|First posted 2/14/2011; updated 11/16/2020.|
Released: November 10, 1986
Recorded: October 18, 1975 to September 30, 1985
Peak: 17 US, 4 UK, 17 CN, 3 AU
Sales (in millions): 4.0 US, 0.1 UK, 12.3 world (includes US and UK)
Genre: classic heartland rock
Song Title (date of single release, chart peaks) Click for codes to singles charts. Chart information is for original studio releases for pre-1986 songs. The raised numbers indicate the studio album on which the song was originally featured.
1 Greetings from Asbury Park, NJ (1973)
Total Running Time: 216:13
4.084 out of 5.00 (average of 17 ratings)
About the Album:
“Long before he sold substantial numbers of records, Bruce Springsteen began to earn a reputation as the best live act in rock & roll. Fans had been clamoring for a live album for a long time, and with Live/1975-85 they got what they wanted, at least in terms of bulk. His concerts were marathons, and this box set, including 40 tracks and running over three and a half hours, was about the average length of a show.” AMG
Anticipation was so high, the album generated over 1.5 million advance orders, the largest dollar-volume pre-order in record business history at that time. WK The album debuted at #1, a feat last seen a decade earlier with Stevie Wonder’s Songs in the Key of Life. It was the first five-record set to reach the top 10 and the first to sell more than a million copies. WK The album was certified for sales of 12 million; U.S. sales were actually 4 million, but the RIAA multiplies that figure by the number of discs in the collection. The only live album certified for more was Garth Brooks’ Double Live at 13 times platinum. WK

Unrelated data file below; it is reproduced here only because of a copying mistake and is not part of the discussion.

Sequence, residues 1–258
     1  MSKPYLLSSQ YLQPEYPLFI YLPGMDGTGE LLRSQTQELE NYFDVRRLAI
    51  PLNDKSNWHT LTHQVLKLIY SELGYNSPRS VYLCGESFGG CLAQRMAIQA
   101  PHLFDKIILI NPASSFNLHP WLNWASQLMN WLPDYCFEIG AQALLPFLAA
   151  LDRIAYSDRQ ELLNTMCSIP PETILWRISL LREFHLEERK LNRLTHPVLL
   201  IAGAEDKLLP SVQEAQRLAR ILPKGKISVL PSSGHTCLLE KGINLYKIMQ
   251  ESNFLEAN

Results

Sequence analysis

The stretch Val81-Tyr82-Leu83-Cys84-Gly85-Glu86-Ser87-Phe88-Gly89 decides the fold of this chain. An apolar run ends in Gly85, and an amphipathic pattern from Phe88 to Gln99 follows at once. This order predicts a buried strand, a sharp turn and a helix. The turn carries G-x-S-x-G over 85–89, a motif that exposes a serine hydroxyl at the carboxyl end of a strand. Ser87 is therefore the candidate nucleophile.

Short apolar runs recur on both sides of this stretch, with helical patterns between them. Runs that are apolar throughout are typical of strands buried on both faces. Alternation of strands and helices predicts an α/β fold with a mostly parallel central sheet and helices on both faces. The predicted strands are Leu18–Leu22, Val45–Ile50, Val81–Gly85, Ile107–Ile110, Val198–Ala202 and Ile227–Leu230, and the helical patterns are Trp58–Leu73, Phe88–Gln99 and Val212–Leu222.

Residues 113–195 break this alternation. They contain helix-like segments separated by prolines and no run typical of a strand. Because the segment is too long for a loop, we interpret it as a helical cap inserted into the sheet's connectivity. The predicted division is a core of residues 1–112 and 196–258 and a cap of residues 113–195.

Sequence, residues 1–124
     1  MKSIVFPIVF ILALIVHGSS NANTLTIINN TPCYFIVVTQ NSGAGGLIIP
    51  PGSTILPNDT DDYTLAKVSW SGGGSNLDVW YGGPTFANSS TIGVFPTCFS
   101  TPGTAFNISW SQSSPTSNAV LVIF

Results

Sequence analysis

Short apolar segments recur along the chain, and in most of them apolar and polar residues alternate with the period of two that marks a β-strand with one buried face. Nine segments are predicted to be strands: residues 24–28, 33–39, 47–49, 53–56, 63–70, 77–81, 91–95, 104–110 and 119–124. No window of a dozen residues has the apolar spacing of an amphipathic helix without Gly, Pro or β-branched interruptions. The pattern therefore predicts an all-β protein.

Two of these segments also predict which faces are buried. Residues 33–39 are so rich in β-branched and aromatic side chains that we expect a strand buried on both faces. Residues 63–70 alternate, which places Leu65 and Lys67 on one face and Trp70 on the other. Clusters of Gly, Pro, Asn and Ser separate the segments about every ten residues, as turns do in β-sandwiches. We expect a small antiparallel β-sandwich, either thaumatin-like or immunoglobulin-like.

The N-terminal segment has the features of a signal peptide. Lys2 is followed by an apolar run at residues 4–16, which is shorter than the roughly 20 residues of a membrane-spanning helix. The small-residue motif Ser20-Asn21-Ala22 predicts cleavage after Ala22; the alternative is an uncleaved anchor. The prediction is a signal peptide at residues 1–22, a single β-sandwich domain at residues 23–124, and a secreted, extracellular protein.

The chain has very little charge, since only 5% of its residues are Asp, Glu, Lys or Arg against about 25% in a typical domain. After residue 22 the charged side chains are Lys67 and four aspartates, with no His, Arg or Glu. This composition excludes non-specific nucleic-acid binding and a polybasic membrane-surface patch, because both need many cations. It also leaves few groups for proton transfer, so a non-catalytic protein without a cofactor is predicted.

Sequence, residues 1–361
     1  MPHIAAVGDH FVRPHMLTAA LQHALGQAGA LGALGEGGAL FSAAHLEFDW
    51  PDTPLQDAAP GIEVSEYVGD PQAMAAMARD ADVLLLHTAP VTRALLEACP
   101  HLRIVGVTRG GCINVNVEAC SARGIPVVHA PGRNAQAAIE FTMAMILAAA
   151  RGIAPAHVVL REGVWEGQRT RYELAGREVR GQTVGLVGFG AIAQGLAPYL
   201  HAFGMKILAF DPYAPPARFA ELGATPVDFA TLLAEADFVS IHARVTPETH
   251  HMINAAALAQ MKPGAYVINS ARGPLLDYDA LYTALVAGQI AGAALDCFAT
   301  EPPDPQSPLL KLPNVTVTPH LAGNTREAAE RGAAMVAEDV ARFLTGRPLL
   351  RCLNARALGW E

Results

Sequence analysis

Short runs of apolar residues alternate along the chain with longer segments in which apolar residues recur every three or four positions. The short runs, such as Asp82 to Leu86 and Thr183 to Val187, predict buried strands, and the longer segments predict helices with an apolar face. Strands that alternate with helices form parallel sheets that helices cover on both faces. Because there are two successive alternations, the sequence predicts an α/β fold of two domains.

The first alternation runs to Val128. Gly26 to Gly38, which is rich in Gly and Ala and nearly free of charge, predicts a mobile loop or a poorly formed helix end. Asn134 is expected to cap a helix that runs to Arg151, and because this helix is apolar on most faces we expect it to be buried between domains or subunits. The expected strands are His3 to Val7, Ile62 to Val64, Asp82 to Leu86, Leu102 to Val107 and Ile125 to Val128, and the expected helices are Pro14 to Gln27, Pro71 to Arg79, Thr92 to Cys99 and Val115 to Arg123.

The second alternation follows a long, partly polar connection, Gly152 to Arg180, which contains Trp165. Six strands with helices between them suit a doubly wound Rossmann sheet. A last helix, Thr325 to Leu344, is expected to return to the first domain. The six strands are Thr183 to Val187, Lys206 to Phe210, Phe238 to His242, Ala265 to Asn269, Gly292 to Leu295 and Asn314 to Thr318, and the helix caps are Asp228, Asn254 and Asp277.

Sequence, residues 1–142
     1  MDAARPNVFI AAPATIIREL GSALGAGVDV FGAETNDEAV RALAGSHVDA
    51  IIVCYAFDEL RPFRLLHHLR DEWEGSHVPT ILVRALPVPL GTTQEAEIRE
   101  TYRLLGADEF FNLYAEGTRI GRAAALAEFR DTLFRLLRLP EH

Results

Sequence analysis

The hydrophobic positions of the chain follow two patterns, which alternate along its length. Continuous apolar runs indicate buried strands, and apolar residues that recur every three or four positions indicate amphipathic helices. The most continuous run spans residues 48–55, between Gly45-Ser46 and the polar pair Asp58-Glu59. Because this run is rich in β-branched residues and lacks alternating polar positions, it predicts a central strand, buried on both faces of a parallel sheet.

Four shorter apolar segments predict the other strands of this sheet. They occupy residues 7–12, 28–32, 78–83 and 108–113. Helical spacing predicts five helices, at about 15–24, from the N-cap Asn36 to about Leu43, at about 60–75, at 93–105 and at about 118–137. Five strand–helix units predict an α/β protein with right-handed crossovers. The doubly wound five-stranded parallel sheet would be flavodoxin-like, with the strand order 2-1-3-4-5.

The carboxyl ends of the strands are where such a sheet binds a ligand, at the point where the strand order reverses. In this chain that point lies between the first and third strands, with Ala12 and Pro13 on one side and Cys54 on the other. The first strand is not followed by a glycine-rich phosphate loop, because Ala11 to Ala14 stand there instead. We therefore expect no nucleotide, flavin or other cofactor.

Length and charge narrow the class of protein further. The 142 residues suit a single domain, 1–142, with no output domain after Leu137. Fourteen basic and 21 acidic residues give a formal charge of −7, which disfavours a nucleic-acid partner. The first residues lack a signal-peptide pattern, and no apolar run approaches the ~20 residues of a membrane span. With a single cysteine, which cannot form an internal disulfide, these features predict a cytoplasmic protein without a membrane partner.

“In his brief liner notes, Springsteen spoke of the emergence of the album’s ‘story’ as he reviewed live tapes, and that story seems nothing less than a history of his life, his concerns, and his career. The first cuts present the Springsteen of the early to mid-‘70s; these performances, most of them drawn from a July 1978 show at the Roxy in Los Angeles, present the romantic, hopeful, earnest Springsteen.” AMG
“The second section begins with his first Top Ten hit, Hungry Heart – this is the Springsteen of the late ‘70s and early ‘80s, an arena rock star with working-class concerns. After an acoustic mini set given largely to material from Nebraska – songs of economic desperation and crime – comes a reshuffling of Born in the U.S.A., songs in which the artist and his characters start to fight back and rock out.” AMG Surprisingly, ‘Dancing in the Dark,” his #2 hit from that album and highest-charting song of his career, doesn’t make the cut. He does, of course, include his most iconic song, Born to Run, the “unofficial state anthem” AMG of New Jersey.
Reviews were “overwhelmingly positive,” WK but some critics cited the omission of concert highlights such as “Prove It All Night,” “The Fever,” and his cover of Creedence Clearwater Revival’s “Who’ll Stop the Rain.” WK “Fans could rejoice in the seven previously unreleased songs,” AMG which included a cover of Edwin Starr’s War and Fire, a song written by Springsteen and a top-ten hit for the Pointer Sisters in 1979.
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